International Rare Disease Day 2014 took place on Friday, February 28. Throughout the world, rare disease patient organisations and their partners joined forces to promote awareness of rare diseases and the millions of people affected by them.
Rare Disease Day was originally launched by EURORDIS, the European Rare Disease Organisation in 2008. Held on the last day of February each year, it seeks to raise awareness for the impact rare diseases have on the lives of patients and those who care for them. Over 80 countries took part this year, including 27 European Union Member States. The European Union considers a disease as rare when it affects fewer than one in 2,000 citizens. Over 6,000 different rare diseases have been identified to date, affecting over 60 million people in Europe and the USA alone. Due to the low prevalence of each disease, medical expertise is rare, knowledge is scarce, care offering inadequate, and research limited. Despite their great overall number, rare disease patients are the orphans of health systems, often denied diagnosis, treatment and the benefits of research.
Many conditions causing sight loss are classified as a rare disease, such as retinitis pigmentosa (RP), Stargardt disease, Usher syndrome, Leber hereditary optic neuropathy (LHON), Leber congenital amaurosis (LCA), and choroideremia, among others. As well as providing information about these rare conditions to people who have been diagnosed, we are actively funding and promoting research into rare inherited sight loss conditions. On behalf of our members we advocate for better outcomes for people with rare diseases and support the development of a National Plan for Rare Disease.
Avril Daly, CEO of Fighting Blindness, also acts as Chair of the Genetic and Rare Disorders Organisation (GRDO) and Vice President of EURORDIS. She explains the significance of Rare Disease Day:
“This is the seventh year we have celebrated Rare Disease Day. We have come a long way in our combined efforts with many committed stakeholder groups including patients and their representatives, scientists, clinicians, support workers, industry representatives, and policy makers in the development of a National Plan for Rare Disease in Ireland. ‘Joining Together for Better Care’ could not be a better theme as rare diseases highlight the importance of working together and what can be achieved through a shared vision and a common purpose.
We are awaiting this spring the publication of the National Plan for Rare Diseases and welcome the appointment of Professor Eileen Treacy as the Clinical Lead for Rare Disease. From the Fighting Blindness perspective, working together with these stakeholders is the only way we can achieve our objectives of finding cures and treatments for people living with inherited forms of blindness, while actively supporting, empowering and advocating on their behalf.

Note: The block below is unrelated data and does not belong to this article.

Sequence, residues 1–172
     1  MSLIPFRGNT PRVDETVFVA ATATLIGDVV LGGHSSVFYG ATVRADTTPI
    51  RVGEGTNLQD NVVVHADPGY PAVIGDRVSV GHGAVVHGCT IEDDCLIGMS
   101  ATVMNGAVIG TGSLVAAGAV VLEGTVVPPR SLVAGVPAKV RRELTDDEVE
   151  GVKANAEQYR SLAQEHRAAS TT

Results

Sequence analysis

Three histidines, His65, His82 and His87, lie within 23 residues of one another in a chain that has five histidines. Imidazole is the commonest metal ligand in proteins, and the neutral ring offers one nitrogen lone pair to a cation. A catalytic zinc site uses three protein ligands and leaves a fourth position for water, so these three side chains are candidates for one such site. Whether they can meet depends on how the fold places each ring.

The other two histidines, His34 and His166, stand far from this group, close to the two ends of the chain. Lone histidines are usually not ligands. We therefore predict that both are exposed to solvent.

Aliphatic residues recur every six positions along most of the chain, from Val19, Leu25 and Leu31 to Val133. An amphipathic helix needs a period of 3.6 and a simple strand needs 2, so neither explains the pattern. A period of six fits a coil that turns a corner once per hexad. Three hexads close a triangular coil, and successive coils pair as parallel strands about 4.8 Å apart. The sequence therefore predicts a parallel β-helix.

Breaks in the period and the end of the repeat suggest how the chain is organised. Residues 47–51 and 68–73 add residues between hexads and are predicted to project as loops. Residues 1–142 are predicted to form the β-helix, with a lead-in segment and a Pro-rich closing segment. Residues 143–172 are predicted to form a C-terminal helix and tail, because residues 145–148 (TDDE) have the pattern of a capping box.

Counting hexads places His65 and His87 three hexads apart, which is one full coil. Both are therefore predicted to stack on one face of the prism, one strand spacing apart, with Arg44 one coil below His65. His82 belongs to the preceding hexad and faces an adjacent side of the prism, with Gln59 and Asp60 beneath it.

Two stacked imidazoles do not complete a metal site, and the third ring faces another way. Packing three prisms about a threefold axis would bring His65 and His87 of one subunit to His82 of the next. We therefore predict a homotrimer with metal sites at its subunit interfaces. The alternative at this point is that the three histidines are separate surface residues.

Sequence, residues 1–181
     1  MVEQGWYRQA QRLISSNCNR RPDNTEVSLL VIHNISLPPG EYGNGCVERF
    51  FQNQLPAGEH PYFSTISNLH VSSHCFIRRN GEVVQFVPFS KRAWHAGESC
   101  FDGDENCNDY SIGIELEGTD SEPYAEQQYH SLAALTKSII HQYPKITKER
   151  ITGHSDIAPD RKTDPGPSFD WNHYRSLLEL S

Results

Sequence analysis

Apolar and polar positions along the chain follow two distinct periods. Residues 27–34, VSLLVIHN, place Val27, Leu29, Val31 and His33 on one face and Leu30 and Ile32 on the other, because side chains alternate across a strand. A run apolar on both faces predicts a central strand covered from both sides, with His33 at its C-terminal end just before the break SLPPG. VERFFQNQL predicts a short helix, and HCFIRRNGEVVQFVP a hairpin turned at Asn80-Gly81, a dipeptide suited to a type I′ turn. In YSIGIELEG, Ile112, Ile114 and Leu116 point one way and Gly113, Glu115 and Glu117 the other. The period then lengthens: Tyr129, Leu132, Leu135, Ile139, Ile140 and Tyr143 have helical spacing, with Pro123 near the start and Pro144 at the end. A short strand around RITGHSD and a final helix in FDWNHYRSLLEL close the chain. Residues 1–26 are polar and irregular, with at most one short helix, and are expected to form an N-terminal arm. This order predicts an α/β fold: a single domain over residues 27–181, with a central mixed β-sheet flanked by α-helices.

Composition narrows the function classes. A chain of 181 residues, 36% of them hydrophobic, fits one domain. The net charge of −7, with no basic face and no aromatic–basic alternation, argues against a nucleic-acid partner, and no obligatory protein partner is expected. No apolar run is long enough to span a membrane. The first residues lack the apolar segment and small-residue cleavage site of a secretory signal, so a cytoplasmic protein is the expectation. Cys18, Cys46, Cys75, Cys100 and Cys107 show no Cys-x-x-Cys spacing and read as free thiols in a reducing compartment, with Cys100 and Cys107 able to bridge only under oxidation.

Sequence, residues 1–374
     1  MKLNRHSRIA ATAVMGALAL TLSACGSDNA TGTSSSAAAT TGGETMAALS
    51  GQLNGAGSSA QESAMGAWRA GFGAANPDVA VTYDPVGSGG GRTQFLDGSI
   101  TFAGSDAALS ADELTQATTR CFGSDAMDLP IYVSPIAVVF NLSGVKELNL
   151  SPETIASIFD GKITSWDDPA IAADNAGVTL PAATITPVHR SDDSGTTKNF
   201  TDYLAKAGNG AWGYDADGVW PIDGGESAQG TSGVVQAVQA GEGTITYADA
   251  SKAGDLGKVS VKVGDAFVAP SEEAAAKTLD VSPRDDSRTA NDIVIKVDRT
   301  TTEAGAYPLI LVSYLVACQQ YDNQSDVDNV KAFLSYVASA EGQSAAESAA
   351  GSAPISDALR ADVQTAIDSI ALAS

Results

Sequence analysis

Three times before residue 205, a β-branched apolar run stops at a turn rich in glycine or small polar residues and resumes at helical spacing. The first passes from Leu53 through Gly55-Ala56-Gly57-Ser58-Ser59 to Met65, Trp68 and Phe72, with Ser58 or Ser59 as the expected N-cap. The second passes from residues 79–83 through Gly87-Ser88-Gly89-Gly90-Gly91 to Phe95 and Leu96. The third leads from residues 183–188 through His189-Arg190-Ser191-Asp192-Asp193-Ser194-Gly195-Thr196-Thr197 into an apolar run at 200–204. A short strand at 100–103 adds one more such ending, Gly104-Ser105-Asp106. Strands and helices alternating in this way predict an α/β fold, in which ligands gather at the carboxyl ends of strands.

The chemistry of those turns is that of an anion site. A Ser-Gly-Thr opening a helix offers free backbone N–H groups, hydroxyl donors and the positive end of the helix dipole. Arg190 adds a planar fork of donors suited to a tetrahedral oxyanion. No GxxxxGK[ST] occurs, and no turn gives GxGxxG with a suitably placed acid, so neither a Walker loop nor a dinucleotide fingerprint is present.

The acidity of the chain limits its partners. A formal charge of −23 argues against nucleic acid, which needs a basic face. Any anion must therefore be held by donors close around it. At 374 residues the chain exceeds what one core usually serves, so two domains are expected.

One of our key projects in the coming years is the establishment of a national register of inherited retinopathies, called Target 3000. We hope through this initiative that we will identify the 3,000 people in Ireland affected by these rare conditions so that they are informed of their inheritance pattern and prognosis, and essentially will be part of a mechanism by which they can access the appropriate clinical trials when they become available.”
During the week leading up to Rare Disease Day, Fighting Blindness supported and participated in a number of key activities including a European Policy Briefing in Brussels. a briefing at the Mansion House in Dublin on the Irish Rare Disease Plan and Clinical Care Programme, organised by GRDO, MRCG (Medical Research Charities Group), and IPPOSI (Irish Platform for Patients’ Organisations, Science and Industry). Fighting Blindness attended the Oireachtas Joint Committee on Health and Children where rare disease stakeholders were invited to present on the importance of developing the national plan and, in particular, the establishment of a National Office for Rare Disease which would provide much needed information to patients and medical professionals alike. On Rare Disease Day itself, Avril Daly presented at the main event on the island of Ireland on cross border collaboration and the importance of ‘Joining Together for Better Care’. This event took place at Riddell Hall in Belfast and was addressed by Alex White TD, Minister of State at the Department of Health with responsibility for Primary Care and Minister Edwin Poots MLA, Minister of the Department of Health, Social Services and Public Safety in the Northern Ireland.